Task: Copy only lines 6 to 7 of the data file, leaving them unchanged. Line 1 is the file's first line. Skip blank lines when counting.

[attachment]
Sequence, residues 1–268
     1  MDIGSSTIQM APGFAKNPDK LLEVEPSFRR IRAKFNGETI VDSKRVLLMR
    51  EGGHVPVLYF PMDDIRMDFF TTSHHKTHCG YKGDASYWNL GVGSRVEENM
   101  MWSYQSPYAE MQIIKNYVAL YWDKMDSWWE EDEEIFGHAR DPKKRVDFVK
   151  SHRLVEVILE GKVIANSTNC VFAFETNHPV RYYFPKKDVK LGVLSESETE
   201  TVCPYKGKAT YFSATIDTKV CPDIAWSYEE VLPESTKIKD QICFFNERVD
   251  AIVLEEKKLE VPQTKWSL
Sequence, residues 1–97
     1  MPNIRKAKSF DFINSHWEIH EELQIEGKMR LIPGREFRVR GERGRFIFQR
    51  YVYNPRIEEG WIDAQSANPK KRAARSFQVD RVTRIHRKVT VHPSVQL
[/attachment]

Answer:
   201  TVCPYKGKAT YFSATIDTKV CPDIAWSYEE VLPESTKIKD QICFFNERVD
   251  AIVLEEKKLE VPQTKWSL